How Barca turned around their fortunes

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The Catalan giants are in devastating form as they prepare to take on Juventus in the Champions League final on Saturday aiming to repeat their success in 2009 when they became the first Spanish side to win the treble.

Led by an inspirational Lionel Messi they have already won La Liga and bagged the King's Cup playing a ruthless direct style.

The attacking trident of Messi, Neymar and Luis Suarez has hit 120 goals between them so far, more than any other trio in Spain before.

“We have a good relationship and if you get on well away from the pitch then it makes it a lot easier,” Messi told UEFA.com this week.

Yet as when Pep Guardiola took over in 2008 and led Barca to their first treble haul, this season began with an air of uncertainty.

Barca had lost their way following the golden years of Guardiola at the helm and the previous campaign under Gerardo Martino had seen all the major trophies escape them.

Tito Vilanova had replaced Guardiola but a battle with cancer meant he spent lengthy spells undergoing treatment in New York while his assistant Jordi Roura oversaw the preparation of the team.

Barca did go on to win La Liga in 2012-13 but there was a feeling that the team was lacking leadership and direction that Vilanova was unable to provide.

The deterioration in the state of his health saw him step down to be replaced by Argentine Martino, and given one season to come to terms with a new league and a club with high demands he was unable to deliver.

A major overhaul of the side was needed with players appearing to be going through the motions and the style of short passing football that had brought them so much success under Guardiola looking stale.

The strong-minded Luis Enrique, a fan favourite as a player, was brought in but the early signs were not good and, by the turn of the year, after a bust-up with Messi, his job appeared to be on the line.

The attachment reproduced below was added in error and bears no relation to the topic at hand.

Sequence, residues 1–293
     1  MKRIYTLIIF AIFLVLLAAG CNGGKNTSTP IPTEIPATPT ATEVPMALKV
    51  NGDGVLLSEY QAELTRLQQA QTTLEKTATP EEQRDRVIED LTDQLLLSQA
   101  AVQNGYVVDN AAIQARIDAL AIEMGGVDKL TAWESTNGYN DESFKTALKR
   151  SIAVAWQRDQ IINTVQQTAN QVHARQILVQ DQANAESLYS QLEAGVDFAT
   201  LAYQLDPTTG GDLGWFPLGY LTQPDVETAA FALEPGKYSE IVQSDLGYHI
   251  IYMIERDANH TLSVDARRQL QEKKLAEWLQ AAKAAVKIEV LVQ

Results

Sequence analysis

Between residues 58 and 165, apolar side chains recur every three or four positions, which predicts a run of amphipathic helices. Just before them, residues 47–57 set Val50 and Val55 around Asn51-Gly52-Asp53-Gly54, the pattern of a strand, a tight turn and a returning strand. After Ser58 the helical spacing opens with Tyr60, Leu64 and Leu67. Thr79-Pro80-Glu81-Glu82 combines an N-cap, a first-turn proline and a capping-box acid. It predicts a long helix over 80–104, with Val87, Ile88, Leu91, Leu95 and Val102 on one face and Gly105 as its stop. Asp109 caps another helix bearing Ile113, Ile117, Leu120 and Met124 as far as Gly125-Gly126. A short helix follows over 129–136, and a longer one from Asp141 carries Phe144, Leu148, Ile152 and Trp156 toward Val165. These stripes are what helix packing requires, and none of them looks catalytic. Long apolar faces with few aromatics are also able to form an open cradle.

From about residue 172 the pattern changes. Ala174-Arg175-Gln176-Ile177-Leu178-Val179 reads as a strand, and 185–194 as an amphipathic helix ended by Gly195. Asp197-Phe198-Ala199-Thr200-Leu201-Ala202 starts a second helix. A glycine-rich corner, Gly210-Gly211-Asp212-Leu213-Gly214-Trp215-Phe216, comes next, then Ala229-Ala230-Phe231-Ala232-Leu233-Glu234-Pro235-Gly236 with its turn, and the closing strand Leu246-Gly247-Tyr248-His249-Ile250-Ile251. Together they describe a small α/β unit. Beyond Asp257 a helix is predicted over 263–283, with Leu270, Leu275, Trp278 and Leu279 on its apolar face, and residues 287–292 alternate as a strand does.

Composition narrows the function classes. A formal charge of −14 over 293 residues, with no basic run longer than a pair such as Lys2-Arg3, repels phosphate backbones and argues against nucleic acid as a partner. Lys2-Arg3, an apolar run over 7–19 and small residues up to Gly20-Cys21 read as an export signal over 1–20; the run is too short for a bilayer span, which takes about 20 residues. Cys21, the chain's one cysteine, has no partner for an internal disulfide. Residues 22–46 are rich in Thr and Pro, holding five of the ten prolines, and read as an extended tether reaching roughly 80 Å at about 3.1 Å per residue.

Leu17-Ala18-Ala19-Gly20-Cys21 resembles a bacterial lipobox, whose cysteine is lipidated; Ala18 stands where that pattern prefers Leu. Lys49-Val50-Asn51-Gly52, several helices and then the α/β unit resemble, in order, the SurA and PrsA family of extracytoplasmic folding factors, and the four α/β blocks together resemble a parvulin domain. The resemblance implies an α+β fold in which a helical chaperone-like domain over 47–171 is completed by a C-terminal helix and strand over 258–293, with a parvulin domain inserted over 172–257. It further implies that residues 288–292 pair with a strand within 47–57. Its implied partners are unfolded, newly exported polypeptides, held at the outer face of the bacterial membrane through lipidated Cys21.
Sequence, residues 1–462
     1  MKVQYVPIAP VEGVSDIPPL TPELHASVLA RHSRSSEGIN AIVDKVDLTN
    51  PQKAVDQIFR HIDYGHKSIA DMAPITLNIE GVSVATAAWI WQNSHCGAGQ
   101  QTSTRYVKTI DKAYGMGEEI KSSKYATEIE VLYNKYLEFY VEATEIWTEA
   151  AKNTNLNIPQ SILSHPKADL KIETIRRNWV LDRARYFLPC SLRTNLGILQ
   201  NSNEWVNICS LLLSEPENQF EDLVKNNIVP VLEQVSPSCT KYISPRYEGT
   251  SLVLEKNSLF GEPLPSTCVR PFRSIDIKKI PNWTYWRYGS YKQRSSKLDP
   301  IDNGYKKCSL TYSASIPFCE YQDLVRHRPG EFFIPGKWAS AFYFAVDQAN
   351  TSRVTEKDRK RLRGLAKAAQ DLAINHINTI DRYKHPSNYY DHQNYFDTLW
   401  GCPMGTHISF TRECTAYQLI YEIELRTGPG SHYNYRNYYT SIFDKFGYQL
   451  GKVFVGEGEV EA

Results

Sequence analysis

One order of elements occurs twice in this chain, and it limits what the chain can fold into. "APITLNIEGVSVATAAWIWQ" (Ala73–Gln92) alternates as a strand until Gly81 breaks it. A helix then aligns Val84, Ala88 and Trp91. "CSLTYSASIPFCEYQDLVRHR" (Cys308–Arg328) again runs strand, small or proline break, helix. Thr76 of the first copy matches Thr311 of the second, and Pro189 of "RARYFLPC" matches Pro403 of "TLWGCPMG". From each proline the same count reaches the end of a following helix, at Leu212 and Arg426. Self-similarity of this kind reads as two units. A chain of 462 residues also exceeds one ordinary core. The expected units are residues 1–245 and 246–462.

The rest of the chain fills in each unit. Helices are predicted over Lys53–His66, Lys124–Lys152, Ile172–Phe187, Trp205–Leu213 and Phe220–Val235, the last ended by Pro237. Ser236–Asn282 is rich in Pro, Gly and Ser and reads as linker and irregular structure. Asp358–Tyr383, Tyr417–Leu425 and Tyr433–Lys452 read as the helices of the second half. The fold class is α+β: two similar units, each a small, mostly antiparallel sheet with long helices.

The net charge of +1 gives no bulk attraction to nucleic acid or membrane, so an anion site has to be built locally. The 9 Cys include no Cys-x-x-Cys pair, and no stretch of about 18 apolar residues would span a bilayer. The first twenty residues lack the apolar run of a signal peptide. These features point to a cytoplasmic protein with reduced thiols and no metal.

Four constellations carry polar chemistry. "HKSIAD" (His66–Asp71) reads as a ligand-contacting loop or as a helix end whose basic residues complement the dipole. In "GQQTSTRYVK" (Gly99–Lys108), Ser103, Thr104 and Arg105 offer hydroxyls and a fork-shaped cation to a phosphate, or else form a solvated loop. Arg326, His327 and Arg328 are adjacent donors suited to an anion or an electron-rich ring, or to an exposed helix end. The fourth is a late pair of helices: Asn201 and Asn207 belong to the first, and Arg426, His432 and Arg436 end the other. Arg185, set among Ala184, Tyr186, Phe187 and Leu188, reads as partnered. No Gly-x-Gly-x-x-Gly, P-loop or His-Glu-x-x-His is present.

Luis Enrique had chopped and changed the team repeatedly as he appeared not to know his best formation, while his blunt talking saw him clash with the media.

Meanwhile, off the pitch the board was under pressure following Fifa's decision to uphold Barca's transfer ban for two windows due to breaking rules over the signing of foreign under-18 players.

This came on top of the Neymar transfer scandal that had dragged the club's board through the Spanish courts amid allegations of tax fraud and made them admit that rather than 57.1 million euros ($63.44 million) the real cost was closer to 100 million euros.

Under escalating pressure, sporting director Andoni Zubizarreta paid the price and was shown the door while president Josep Maria Bartomeu announced elections for the end of the season.

However, out of this chaos the pieces began to fall into place on the pitch based around a new understanding between Messi and Luis Enrique which allowed the individual talents of the strikers to come to the fore.

Barca romped to a Spanish double, clinching the title with a game to spare, and thumped Athletic Bilbao to secure a record-extending 27th Cup triumph on Saturday.

Their transformation from a club apparently in crisis to one on the brink of a treble shows how quickly fortunes can change in soccer - for better and for worse. – Reuters

Original source: How Barca turned around their fortunes

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